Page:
Metal Rubber Sensor Appliqu¿s for Rotor Blade Air
Small Business Information
1485 South Main Street, Blacksburg, VA, 24060-5556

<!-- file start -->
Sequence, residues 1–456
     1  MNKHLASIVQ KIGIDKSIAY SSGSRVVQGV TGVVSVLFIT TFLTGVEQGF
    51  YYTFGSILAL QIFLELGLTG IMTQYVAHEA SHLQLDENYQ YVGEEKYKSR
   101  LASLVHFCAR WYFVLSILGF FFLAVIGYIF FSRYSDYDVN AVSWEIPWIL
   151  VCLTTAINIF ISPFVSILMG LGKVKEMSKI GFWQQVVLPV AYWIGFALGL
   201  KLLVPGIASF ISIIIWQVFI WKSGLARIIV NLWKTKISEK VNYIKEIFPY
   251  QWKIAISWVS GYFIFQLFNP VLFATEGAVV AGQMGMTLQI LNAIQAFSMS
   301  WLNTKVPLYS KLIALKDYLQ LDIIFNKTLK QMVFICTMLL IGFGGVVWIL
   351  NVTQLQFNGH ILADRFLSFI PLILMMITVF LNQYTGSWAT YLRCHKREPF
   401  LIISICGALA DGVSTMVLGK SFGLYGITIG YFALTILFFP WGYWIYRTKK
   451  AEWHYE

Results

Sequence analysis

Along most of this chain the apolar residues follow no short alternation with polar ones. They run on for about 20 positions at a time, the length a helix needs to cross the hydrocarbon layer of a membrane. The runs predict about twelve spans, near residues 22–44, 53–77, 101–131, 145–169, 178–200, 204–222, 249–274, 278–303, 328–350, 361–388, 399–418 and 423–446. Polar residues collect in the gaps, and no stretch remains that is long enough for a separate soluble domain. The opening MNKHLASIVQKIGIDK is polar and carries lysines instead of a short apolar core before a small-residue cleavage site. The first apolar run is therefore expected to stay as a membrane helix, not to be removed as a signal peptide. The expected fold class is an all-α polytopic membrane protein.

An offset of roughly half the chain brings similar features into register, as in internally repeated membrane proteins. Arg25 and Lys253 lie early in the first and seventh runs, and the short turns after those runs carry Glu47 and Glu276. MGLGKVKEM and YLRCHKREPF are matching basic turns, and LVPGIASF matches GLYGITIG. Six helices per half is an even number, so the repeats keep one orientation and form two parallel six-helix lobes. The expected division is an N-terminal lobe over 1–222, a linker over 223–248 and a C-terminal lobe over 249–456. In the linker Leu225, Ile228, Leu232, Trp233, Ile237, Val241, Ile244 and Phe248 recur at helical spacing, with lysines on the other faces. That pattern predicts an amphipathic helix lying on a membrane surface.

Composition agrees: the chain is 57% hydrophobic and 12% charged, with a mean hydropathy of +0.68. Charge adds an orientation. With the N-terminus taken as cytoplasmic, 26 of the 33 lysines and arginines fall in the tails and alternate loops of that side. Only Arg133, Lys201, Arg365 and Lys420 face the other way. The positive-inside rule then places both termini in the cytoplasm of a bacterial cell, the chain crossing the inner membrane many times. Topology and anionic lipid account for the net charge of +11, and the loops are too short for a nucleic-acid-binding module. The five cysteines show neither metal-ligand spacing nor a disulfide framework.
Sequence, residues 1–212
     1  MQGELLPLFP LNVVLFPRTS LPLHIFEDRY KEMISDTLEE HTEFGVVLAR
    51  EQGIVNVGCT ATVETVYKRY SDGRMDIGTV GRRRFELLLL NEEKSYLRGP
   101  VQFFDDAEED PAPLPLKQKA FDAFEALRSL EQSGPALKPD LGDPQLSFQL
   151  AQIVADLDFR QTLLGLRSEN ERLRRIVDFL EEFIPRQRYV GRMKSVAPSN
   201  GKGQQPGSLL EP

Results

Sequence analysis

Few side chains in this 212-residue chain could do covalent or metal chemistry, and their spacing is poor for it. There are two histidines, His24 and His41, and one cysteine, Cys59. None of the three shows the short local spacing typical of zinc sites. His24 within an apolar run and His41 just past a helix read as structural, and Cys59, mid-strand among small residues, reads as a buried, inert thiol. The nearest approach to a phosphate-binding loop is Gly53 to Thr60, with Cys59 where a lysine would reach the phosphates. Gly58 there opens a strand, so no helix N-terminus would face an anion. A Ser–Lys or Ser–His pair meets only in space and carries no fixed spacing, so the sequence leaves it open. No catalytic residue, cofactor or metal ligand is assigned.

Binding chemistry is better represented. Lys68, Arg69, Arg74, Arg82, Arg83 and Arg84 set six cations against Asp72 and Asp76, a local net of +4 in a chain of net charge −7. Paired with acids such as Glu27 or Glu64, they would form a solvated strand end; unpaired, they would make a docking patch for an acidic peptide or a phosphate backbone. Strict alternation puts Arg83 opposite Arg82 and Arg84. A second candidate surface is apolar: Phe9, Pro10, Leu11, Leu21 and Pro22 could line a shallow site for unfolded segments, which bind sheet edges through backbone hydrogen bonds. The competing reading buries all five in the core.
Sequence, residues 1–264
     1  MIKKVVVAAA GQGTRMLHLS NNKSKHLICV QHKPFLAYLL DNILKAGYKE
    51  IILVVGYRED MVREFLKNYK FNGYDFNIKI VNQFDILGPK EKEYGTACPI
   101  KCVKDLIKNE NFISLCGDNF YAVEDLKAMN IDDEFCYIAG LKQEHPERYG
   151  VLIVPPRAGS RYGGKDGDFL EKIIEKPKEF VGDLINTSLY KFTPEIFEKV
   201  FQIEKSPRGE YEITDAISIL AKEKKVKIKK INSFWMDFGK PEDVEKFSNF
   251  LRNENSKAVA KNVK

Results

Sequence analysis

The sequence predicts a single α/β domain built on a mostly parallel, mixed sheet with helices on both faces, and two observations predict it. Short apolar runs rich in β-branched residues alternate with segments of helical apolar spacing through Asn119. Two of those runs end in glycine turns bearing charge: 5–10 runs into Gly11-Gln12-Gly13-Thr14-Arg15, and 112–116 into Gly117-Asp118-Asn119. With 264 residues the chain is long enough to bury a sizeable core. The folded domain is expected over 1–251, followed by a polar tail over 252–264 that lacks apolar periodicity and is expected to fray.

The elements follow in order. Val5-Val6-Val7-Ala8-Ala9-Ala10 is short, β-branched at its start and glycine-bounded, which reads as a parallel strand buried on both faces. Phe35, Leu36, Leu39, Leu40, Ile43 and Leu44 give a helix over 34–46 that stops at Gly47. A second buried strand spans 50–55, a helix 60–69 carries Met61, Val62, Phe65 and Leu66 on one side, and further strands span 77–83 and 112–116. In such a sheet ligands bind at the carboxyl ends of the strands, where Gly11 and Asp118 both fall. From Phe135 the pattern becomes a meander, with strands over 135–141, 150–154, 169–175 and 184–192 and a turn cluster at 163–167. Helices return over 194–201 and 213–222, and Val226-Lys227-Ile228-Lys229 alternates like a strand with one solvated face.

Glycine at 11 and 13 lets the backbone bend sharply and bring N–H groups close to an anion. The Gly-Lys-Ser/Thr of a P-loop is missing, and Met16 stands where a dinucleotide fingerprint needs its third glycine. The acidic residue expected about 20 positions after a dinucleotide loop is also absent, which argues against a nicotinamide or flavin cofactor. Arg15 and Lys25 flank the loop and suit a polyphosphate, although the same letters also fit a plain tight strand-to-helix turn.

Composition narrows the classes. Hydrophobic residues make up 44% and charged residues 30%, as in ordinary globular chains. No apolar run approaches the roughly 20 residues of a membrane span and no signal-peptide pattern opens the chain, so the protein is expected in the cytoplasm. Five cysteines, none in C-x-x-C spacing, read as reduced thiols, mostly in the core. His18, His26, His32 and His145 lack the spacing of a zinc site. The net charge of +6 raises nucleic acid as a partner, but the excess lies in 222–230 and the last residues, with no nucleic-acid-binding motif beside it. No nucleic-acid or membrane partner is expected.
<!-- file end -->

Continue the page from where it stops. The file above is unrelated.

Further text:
AbstractThin film Metal RubberTM sensor appliqués have the potential to reduce the time, complexity and cost of measuring air flow-induced skin friction during the development of rotary wing and fixed wing aircraft and related systems. Metal RubberTM skin friction sensor appliqués allow near real-time detection 2D mapping of air flow conditions over surfaces of air vehicles. This is important for analysis of laminar to turbulent flow transitions, flow separation and reattachment mechanisms, and other instabilities, during rotor blade and fuselage design, blade tracking adjustments, and active flight control. The sensors act as mechano-electrical transducers to convert air flow-induced tangential surface forces into electrical output signals. They are thin and surface-mounted so cause minimal interaction with the flow, are easy to apply as an appliqué, and require no cavities or recesses other than holes to connect the sensor leads to data acquisition wiring. The material is resistant to normal aircraft fluids and solvents, can operate over a temperature range of -65 to +150C, and is capable of withstanding moderate rain and dust erosion. During Phase II, NanoSonic will Develop an improved understanding of the operation of thin film Metal RubberTM skin friction sensors, Standardize sensor design and sensor fabrication processes, Develop a method to calibrate sensor elements as part of manufacturing, Develop a means to compensate for cross-sensitivity effects, Develop and optimize means for data acquisition, Use developed sensors in cooperation with the NASA LaRC Subsonic Rotary Wing program to investigate rotorcraft research and development problems, and Use and demonstrate the sensors in cooperation industry and academic colleagues. The significance of the proposed NASA Phase II SBIR program is in transitioning these sensors from analytical and FEM modeling to commercial products for experimental use by NASA and industry.
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